The Digital Transformation of Water

Autodesk’s Bob Bray and Colby Manwaring discuss digital twins for the water infrastructure industry.

This video was sponsored by Autodesk.

Water presents a contradiction, says Colby Manwaring, CEO of Innovyze,  now VP of Innovyze, AEC Design, Autodesk. Water is both priceless yet a fundamental human right. The challenges of delivering clean drinking water to a growing global population are daunting, and digitalization may be the only solution. 

On this episode of Designing the Future, Manwaring is joined by Bob Bray, Senior Director and General Manager of Autodesk Tandem, to discuss digital twins for the water infrastructure industry. The pair discuss the challenges of the industry, the recent acquisition of Innovyze by Autodesk, how AI is used in digital twins, the Innovyze Info360 and Autodesk Tandem digital twin platforms, the importance of cybersecurity, and how engineers should change their approach to infrastructure projects.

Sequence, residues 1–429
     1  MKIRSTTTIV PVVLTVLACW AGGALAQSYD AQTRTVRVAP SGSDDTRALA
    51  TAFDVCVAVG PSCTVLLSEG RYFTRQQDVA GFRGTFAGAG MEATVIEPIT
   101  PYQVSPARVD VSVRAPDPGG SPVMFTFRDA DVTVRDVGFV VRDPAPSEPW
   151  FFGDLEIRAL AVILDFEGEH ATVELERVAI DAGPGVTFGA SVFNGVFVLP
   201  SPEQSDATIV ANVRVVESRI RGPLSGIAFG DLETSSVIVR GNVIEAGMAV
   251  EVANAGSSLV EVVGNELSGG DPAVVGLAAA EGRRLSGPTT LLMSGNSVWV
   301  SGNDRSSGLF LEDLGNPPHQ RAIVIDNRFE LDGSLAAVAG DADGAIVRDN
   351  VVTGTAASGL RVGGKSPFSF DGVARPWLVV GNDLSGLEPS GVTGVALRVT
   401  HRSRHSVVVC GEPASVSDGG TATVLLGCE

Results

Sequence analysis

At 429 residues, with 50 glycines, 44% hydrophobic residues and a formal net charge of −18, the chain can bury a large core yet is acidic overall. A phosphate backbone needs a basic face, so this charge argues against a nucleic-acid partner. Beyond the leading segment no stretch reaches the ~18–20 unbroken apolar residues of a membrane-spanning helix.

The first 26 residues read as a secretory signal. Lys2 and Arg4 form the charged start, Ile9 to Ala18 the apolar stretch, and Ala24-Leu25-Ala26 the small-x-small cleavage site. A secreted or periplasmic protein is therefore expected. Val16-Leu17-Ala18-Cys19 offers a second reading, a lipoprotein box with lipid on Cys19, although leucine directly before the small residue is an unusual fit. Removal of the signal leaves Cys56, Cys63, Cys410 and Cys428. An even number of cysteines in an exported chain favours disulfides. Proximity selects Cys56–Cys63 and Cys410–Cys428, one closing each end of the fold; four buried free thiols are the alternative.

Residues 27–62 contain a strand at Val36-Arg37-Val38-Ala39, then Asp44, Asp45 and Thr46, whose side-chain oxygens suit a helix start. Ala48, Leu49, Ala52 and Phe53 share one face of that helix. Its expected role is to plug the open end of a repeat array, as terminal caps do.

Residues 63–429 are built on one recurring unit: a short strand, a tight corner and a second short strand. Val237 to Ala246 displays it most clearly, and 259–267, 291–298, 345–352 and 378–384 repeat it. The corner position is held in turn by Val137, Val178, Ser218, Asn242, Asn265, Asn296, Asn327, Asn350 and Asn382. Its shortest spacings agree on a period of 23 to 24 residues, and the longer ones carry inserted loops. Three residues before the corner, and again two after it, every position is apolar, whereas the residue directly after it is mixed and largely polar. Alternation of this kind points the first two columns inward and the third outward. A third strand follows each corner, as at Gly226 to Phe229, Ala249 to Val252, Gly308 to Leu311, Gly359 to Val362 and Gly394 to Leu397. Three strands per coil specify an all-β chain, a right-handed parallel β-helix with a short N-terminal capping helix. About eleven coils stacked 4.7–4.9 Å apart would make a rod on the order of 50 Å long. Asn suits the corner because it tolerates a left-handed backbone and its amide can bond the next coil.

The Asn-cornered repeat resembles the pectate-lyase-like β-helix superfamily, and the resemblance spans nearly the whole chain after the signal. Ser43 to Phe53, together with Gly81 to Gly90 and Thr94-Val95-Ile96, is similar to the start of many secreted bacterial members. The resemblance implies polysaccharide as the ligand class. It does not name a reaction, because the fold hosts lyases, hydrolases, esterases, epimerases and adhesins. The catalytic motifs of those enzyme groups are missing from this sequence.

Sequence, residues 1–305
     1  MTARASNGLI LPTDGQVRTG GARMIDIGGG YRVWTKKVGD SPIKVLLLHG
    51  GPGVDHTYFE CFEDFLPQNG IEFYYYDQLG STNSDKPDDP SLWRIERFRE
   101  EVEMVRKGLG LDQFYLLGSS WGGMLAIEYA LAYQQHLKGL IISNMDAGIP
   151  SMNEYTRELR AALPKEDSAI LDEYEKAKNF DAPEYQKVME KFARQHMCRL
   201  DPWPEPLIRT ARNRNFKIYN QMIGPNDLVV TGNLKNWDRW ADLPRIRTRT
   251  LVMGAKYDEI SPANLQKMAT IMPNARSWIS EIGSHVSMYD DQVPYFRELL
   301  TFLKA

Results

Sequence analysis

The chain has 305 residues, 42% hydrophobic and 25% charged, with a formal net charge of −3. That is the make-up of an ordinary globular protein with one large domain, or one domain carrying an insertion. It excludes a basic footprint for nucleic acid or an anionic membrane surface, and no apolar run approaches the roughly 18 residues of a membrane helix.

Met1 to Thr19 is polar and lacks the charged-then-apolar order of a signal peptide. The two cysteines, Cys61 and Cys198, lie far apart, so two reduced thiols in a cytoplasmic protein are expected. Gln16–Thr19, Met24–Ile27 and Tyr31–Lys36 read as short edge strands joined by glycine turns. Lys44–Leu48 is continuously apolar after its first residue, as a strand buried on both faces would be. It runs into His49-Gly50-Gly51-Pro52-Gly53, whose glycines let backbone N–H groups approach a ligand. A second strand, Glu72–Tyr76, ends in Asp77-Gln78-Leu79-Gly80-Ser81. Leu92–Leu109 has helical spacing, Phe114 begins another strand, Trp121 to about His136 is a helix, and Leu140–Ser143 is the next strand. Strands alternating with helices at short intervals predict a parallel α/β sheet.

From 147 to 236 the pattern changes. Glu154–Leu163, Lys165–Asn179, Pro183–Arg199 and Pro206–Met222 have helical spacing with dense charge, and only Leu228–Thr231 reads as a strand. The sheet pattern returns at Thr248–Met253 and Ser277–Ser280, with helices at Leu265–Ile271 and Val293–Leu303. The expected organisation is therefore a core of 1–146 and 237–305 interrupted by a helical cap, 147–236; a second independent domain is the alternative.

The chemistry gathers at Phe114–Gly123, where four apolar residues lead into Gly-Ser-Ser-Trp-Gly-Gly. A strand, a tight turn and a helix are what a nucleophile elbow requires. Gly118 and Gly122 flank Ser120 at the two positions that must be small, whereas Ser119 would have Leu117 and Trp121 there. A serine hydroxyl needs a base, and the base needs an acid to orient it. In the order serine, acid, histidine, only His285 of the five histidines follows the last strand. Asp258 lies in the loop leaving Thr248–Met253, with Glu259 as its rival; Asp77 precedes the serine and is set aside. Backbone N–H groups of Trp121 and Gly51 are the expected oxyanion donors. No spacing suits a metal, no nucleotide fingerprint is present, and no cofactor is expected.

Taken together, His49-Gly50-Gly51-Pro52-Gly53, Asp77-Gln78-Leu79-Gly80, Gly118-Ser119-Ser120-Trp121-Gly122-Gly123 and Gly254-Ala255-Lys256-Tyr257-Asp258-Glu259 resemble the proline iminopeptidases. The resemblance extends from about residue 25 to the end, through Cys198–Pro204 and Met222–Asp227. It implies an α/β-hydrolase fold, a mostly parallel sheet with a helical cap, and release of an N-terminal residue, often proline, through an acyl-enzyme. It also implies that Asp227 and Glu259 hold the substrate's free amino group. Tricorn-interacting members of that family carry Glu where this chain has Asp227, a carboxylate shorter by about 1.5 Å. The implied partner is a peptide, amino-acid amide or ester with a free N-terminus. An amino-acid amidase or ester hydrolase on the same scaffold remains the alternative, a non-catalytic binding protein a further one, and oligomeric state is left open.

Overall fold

Learn more about the digital transformation of water at

The following transcript has been edited for clarity.

Michael Alba: Hey everyone. And welcome to Designing the Future. On this episode, we’re going to be talking about water, both the type of water that’s made of H’s and O’s and the type made of ones and zeros. Today, we’re diving into digital twins for the water industry, and we’ve got two great guests to lead us on this dive. We’re joined by Bob Bray, senior director and general manager of Autodesk tandem; Autodesk’s new digital twin platform. And we’re also joined by Colby Manwaring CEO of Innovyze and now VP of Innovyze within the AEC design group of Autodesk, which acquired Innovyze earlier this year. Bob, Colby thanks so much for joining us on the show.